Do Carrots Absorb Salt?

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Do Carrots Absorb Salt

Root vegetables can be truly miraculous things. You can crisp them up if they’ve gone wilty by soaking them in water, and re-grow their tops by placing them in a shallow water dish too. But do carrots absorb salt as well as water? Keep reading and you’ll find out!

Do Carrots Absorb Salt or Not?

They do! And we’ll tell you why.

Remember that article of ours about how carrots absorb water? Well, if that water just happens to be salty, then the carrots will absorb that salt along with the water they’re immersed in. The same goes for sugar water, for that matter. You can use this technique to add additional sweetness to carrots that are a bit “meh” because they’ve been harvested at the wrong time.

Read More Here: Do Carrots Absorb Water?

There is a difference, of course. 

Whereas carrots will crisp up beautifully in fresh water, they’ll shrivel up like mummies in heavily salted water. This is because the salt in the water draws all the moisture out of the carrots! The water in the carrots leaves in favor of hanging out with the salt water surrounding it, via the process known as osmosis

Carrots stay firm and crispy (also known as being “turgid”) because of all that glorious water contained in their cells. When that water exits stage left, that firmness disappears right along with it. 

One exception to this rule is if you end up pickling carrots in a salted mixture of water and vinegar. The water content in that solution is sufficient for keeping the turgidity intact instead of shriveling the roots. 

*Note: If you like the flavor of salty-sweet carrots, try making vegan lox! You’ll marinate carrots for a few days, then slow roast them with a lot of salt for several hours until they’re super tender. 

Try This Experiment:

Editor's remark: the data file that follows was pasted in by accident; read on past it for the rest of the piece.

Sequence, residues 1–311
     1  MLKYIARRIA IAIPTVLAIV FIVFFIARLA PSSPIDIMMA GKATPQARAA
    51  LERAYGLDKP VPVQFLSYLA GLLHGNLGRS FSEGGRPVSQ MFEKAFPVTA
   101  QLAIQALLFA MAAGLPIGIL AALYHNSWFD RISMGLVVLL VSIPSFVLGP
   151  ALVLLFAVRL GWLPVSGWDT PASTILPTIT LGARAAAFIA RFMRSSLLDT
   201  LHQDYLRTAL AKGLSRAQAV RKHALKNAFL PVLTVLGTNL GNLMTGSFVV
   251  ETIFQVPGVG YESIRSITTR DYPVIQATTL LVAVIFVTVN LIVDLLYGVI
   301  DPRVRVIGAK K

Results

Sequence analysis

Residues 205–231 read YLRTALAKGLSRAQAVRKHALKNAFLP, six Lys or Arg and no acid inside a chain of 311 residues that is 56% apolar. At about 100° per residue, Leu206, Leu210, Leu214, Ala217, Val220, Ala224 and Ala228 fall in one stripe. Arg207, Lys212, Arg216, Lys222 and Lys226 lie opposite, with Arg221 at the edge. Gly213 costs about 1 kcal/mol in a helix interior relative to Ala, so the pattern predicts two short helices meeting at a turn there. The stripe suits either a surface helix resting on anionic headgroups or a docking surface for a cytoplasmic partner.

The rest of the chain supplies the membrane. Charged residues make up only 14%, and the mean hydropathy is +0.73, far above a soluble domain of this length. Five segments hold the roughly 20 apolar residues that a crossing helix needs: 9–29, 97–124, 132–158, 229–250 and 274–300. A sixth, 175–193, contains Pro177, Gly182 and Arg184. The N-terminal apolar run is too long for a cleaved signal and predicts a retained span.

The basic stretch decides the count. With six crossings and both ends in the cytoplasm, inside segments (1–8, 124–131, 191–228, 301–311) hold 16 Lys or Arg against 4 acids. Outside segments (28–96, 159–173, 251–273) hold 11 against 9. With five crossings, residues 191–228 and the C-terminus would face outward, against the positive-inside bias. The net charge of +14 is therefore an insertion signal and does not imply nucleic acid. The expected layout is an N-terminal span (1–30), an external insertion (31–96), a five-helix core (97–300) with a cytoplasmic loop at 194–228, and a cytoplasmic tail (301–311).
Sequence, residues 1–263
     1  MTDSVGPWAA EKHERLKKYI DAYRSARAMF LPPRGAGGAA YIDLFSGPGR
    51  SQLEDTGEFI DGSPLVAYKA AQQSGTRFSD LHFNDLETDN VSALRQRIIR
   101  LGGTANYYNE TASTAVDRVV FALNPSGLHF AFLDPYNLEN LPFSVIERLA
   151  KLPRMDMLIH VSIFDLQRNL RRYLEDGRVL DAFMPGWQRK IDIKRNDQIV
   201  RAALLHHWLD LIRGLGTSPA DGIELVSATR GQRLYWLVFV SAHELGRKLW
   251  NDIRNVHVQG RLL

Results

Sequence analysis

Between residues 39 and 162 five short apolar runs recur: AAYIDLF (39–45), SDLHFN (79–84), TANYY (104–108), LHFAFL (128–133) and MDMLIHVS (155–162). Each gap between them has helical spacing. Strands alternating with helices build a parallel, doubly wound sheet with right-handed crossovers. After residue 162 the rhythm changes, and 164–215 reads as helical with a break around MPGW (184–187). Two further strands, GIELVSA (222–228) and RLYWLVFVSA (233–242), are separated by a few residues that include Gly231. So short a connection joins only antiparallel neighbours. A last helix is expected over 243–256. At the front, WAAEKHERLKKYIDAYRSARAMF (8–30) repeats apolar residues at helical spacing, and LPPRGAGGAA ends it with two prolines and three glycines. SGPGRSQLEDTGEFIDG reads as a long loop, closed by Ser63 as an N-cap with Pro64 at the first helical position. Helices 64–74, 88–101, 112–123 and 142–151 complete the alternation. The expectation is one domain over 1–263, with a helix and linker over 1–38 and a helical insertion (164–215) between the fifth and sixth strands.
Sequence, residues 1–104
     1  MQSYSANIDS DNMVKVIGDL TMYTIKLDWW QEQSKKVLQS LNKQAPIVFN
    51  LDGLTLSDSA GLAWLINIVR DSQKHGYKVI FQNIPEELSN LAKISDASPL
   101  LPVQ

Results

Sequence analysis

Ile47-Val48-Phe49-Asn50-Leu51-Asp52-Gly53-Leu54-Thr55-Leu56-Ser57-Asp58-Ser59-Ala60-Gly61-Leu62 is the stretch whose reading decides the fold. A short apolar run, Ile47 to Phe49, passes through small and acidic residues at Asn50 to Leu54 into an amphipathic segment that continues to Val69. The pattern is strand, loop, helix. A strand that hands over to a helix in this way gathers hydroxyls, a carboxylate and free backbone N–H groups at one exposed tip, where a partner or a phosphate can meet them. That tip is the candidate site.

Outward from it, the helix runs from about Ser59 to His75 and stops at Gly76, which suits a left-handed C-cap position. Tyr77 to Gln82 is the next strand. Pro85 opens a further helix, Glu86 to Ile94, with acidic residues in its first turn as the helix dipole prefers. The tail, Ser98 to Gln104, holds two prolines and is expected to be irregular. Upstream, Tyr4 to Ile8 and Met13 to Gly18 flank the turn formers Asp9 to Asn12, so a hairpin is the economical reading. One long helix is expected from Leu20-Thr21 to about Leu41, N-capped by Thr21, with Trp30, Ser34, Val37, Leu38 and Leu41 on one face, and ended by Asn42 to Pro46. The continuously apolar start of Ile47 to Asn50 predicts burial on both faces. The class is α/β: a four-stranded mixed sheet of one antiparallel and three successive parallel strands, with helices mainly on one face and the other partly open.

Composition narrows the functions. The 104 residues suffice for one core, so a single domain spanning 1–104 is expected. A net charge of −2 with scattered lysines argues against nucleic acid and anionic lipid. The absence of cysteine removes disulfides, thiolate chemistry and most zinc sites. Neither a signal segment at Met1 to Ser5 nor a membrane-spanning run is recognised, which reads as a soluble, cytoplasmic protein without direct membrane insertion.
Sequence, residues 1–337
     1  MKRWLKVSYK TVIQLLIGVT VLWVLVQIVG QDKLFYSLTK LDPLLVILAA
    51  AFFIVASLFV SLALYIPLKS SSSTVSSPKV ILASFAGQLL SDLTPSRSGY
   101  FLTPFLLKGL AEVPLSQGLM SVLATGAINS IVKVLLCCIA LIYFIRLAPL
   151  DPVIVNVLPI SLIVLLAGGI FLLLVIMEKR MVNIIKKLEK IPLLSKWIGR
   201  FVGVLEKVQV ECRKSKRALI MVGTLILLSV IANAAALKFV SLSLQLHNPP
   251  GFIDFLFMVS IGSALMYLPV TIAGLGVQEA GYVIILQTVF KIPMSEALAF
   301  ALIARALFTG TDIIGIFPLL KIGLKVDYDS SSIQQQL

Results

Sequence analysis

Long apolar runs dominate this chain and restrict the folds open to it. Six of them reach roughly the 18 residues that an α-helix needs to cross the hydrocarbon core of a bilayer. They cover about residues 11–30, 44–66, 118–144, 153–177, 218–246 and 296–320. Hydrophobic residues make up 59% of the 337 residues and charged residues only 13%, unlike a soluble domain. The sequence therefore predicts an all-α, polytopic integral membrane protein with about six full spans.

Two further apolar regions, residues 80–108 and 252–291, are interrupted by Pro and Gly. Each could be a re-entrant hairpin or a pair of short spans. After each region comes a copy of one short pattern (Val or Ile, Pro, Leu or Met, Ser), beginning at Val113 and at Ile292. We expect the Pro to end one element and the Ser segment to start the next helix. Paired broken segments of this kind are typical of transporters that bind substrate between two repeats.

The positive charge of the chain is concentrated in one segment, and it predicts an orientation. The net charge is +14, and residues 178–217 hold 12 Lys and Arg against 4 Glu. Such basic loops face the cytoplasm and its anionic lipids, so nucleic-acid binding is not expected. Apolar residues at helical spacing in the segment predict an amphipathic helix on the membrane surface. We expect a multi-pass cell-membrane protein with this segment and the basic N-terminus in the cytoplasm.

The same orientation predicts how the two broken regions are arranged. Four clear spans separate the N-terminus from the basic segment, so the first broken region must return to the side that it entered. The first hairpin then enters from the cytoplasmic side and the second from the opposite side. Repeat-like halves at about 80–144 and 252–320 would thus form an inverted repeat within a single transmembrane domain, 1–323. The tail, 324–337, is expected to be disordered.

Get your science hat on and do an experiment with three carrots, and three jars of water.

Fill one jar with plain water. In the second, dissolve a couple of tablespoons of sugar in hot water, and fill the rest up with plain, cold water. And in the third, repeat the same process as you did with jar #2, but use salt instead of sugar. Remember to label these jars well so you know which contains what.

Place a carrot into each jar, and keep them on the counter for three to five days. It’s best if you choose carrots that can be completely immersed in the liquid, rather than having bits sticking out. Trim them if you need to, but leave the peels intact.

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After that time period has elapsed, remove the carrots, cut them into a few pieces, and taste them.

The carrot immersed in plain water should have a neutral, “normal” flavor, but significant crispness. A similar thing will happen with the sugary water, only that root might taste a bit sweeter than the first. As for the salt water carrot… well. You could just try the experiment to discover this for yourself, but we can offer you a spoiler, if you like.

(Here’s the spoiler: it’ll be withered and salty. Big surprise there, huh?)

Reduce Salt in Dishes by Adding Carrots

Did you know that you can desalinate overly salty dishes by adding root vegetables to them?

Just about all of us have been a bit overenthusiastic with the salt while cooking, at some point or another. This can happen if we get distracted for a moment, or if the cap comes off the salt shaker while we’re adding seasonings. Regardless of how it happened, it happened. Sometimes, the dish can be salvaged by rinsing off the excess salt, but that isn’t really an option if you’re making a soup, stew, or curry.

This is where carrots come in.

Since they absorb salt so readily, and have a sweet, mellow flavor, they can reduce the overall saltiness from the dish. Furthermore, they’ll add extra moisture and sweetness so your face doesn’t pucker up completely as you eat. Just slice or chop them and add them while the dish is simmering. You’ll need to be sure to add liquid to the dish, if it isn’t already quite wet. This is because the water is a carrier for the salt, and is required for the carrots to absorb the salt properly.

Let this cook for at least half an hour, then adjust to taste again. If it’s still too salty, you can pour out some of the liquid and add more water, or temper it further with neutral to sweet liquid like coconut cream or oat milk.

Keep this in mind the next time you add a bit too much salt to whatever you’re cooking! The same trick works with beets, celeriac, potatoes, sweet potatoes, and squash as well.

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